Testing a JS app in 2019

Squeeds Julkalender | 2019-12-21 | Anders Teern
This post will guide you through the landscape of testing javascript applications in a way that will help you getting started in producing a reliable and well tested application. It will present my somewhat opinionated view of what your testing toolbox could (or should) look like as of 2019. It will describe my own experiences of using a lot of different tools in building my own toolbox that helps me test nearly every part of my applications.

Why should I tell you this story?

I have been writing automated tests for my javascript code since 2010, and let me tell you the best thing - the developer landscape has changed A LOT since the early days of unit testing using runners like JsTestDriver.

The ecosystem has continued to evolved presenting new test runners, test frameworks or assertion libraries all the time. For the past few years I’ve been very happy with the maturity of the platform, but it still pushes forward. And that makes me, as a developer, very happy.

How can I test feature A?

Well the answer is always: “It depends...”

Let me instead try to explain every tool or type of test I currently try to uphold.

type checking

A fast tests is a good test. And a simple test is a good test. The fastest and simplest of them all is a static test. I get a lot of type checking for free since I prefer using TypeScript over Javascript. And for the more stricter static type checking I have added ESLint to the toolbox.

ESLint have a broad range of rules you can specify to enforce code quality.

To make sure every developer uses the same code formatting I have also added prettier to the toolbox, which is run automatically using husky

classic unit test

The smallest piece of testable code should be tested using a unit test. For this I currently use jest as my go-to tool.

These tests are simple to write and I always try to separate complex functionality inte testable pieces.


In client applications nowadays we tend to produce a lot of components. I write mine as React components and try to keep my components as ”unintelligent” or “pure” as possible. As it turns out pure components require fewer tests. To be able to tests my react components i use enzyme, which will let me verify the behavior of my component with different inputs.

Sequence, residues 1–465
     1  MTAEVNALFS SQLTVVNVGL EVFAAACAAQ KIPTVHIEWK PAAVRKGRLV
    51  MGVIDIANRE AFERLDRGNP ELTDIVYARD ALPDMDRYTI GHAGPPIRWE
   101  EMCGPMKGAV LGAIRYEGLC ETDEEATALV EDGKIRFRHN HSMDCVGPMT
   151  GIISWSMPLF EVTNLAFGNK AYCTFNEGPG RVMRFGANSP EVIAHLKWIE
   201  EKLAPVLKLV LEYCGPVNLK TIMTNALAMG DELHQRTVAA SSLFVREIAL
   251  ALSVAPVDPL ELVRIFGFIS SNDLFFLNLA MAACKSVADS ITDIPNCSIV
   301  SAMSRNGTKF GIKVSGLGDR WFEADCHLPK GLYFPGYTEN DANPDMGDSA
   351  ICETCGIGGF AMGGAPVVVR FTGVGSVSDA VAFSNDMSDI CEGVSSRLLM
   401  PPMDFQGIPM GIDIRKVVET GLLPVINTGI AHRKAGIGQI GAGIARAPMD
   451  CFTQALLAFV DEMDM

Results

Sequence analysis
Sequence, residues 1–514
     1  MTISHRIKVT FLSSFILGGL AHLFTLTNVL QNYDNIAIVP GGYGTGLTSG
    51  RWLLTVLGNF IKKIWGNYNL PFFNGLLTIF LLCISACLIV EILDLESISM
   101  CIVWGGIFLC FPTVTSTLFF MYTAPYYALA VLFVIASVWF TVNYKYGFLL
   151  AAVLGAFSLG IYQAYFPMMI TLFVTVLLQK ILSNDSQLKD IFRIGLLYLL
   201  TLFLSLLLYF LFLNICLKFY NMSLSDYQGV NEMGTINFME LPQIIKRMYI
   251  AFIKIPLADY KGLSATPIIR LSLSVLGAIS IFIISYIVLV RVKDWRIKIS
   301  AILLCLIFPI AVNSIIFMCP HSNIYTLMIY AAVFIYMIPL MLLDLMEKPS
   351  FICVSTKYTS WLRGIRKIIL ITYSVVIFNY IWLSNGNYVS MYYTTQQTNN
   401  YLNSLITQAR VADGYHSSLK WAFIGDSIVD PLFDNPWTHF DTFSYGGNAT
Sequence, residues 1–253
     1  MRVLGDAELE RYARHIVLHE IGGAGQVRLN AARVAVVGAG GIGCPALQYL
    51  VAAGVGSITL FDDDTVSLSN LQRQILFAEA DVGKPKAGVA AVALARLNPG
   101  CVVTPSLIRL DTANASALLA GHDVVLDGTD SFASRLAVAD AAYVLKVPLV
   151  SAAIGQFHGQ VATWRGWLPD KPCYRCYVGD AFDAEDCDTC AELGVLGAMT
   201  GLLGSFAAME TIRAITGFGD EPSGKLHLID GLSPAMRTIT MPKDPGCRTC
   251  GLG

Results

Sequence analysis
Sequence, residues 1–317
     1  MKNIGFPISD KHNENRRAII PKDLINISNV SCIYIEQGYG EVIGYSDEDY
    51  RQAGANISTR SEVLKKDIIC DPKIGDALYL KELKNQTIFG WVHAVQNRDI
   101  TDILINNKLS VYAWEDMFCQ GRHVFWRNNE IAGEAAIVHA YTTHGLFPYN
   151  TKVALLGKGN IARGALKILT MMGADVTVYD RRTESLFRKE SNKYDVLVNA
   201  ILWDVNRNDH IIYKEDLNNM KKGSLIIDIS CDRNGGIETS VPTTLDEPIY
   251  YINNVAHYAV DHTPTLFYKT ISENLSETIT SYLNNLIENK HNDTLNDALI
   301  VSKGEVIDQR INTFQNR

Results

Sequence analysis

with Components

Enzyme has two different major modes of testing your components. The first one - the shallow mount - let’s me run isolated tests of only the component under test, which will mock every other component in the component tree.

2 Components

The other major mode of enzyme is the full mount which will also include other components in the render tree. This will allow you to mount two or more components and let them integrate in a controlled way.


During development there exist tools that will help you as a developer to focus on just one component at a time. Storybook is a tool that quickly will let you describe how your component could be used and what they will look like using different variants of inputs.

It will render your components in a browser and will let you both verify the visuals of your component as well as interacting with it.

regression testing Components

Since I already have all my Components defined in storybook, I might as well take full advantage of it. That is why I also use a selection of storybook add-ons. On of them is storyshots that runs visual regression tests using puppeteer against all my components. This will ensure that even minor changes to the visuals of my components will always require a verification.

A side note of using visual regression tests is that it also simplifies the Pull Request process since you always get the updated snapshots as images. Which

A modified component triggers a diff image. The original image on the left. The updated on the right. And a pixel-by-pixel diff in the middle.

A modified component triggers a diff image. The original image on the left. The updated on the right. And a pixel-by-pixel diff in the middle.


Integration testing

The newest tool in my toolbox is cypress, which I have learned to love for how it managed to make something that used to be frustrating and overly complex into a simple and recognizable (for javascript developers) way of writing tests. It made writing selenium/webdriver tests almost as easy as writing regular unit tests. And it also comes with a nice bundled app that makes both running and writing tests a simple task.

Cypress will let you verify that your entire application works as expected. It will let you navigate and interact with your app and verify the behavior.


Lessons learned

A good test always gives reproducible results. Every time! But since I’ve added the storyshot and cypress to my test suite I also had to expand the use of docker containers to make sure that the results are reproducible between different developer workstation as well as the CI pipeline.


So, do I always add tests on all levels for all my components?

No, I don’t. That would increase the cost of maintaining the tests, which is not desirable.

​What areas are not covered by by the current set of tools in my toolbox?

In short every touch-point towards a service or API that is outside of my control. Instead of writing tests I make sure to verify the input as early and as well as possible.



My tools that help me write better code as of 2019 are:










Comparing the list to the recently released State of JS 2019 tells me that I am definitely not the only developer praising these tools.